The entire structure is a confluence of British and Indian aesthetic and symbolism. A tiger (for India) and a lion (for British) stand guard at the gate, and the coat of arms features an elephant along with the British flag. The left facade also bears small portraits representing 16 different Indian communities. The closer you look, the more you’re likely to find, each nook a rabbit hole to new references.

As with the bustle of the terminus, the guided tour of its interiors entails being scuttled around up and down, plied with rushed anecdotes, without much pause for soaking in the atmosphere.

Change tracks, linger on after the tour, and retrace the trail once again to really appreciate what you’ve seen. Then you can walk into the Star Chamber and become part of the unseeing crowd again.

Photographs by Suruchi Maira

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Books, Berries, And The Rustic Charm Of Bhilar



Bhilar is a village in Satara near the hill station of Panchgani that is India’s first “books village”. Modelled after Hay-on-Wye, the village hosts as many as 25 artistically decorated locations that have been turned into reading spots. Currently, the books available are only in Marathi, with English and Gujarat books to be added soon.

Bhilar is approximately 250km from Mumbai. You can drive there or take an ST bus to Wai and then use local transport to reach Bhilar.


The sprawling villas on both sides don’t point to a village. I’m about to double-back when the signboard declares that I’m still a kilometre away. The signs are all over the place, even before you reach Panchgani – a book and strawberry over red type declaring Bhilar as India’s first “books village”.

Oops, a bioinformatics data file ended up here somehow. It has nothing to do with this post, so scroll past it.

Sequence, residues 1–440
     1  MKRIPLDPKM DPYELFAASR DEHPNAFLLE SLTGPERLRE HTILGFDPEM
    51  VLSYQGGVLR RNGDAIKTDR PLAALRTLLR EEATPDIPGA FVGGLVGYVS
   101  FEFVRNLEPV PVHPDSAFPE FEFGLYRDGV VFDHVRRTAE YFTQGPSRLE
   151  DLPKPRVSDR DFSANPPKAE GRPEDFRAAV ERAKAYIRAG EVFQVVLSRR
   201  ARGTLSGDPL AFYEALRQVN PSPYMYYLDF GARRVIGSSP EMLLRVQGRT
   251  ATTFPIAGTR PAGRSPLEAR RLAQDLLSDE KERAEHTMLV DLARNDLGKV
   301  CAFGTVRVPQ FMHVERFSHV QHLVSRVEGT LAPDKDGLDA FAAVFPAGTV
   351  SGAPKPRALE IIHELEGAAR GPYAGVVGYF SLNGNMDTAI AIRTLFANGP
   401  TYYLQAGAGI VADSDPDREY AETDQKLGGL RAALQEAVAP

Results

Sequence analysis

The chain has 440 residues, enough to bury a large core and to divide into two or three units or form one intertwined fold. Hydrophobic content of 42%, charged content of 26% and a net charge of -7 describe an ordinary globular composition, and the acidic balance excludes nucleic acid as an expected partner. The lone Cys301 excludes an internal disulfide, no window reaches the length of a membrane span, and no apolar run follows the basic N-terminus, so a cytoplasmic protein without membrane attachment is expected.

Located between the popular hill stations Panchgani and Mahabaleshwar, the village is modelled on England’s Hay-on-Wye. The Welsh village, with as many as 40 second-hand bookstores and an annual literary festival, has become a prominent tourist destination over the years. The Maharashtra government harbours similar ambitions for this hamlet in Satara.

As many as 25 artistically decorated locations around the village have been turned into reading spots. The first is Kadambari, or the novel section, with rich hues of yellow and red, painted by artists from Thane. The murals at these houses reflect the books inside, which range from literature, poetry, religion, women and children, history, environment, folk literature to biographies. While animals dot the white walls housing children’s books, caricatures, Warli art and even a makeshift fort and Maratha ruler Shivaji rule elsewhere.

The art is a giveaway, but spotting the houses is easy even otherwise, with signboards pointing the way and a holistic map at the start. Inside are rotating book racks, green cupboards reminiscent of government offices, plastic chairs, and in some cases bean bags. I was canvassing the landscape as the only outsider a hot summer day, some of the houses shut, their owners away. Within the two-kilometre periphery, most doors are open. Walking in, however, feels like an intrusion, like stumbling on to a domestic scene, especially as the smell of prawn curry whiffs by. Then, the appetite to go through titles is suddenly lost, replaced by the urge to barge into the kitchen.

bhilar books village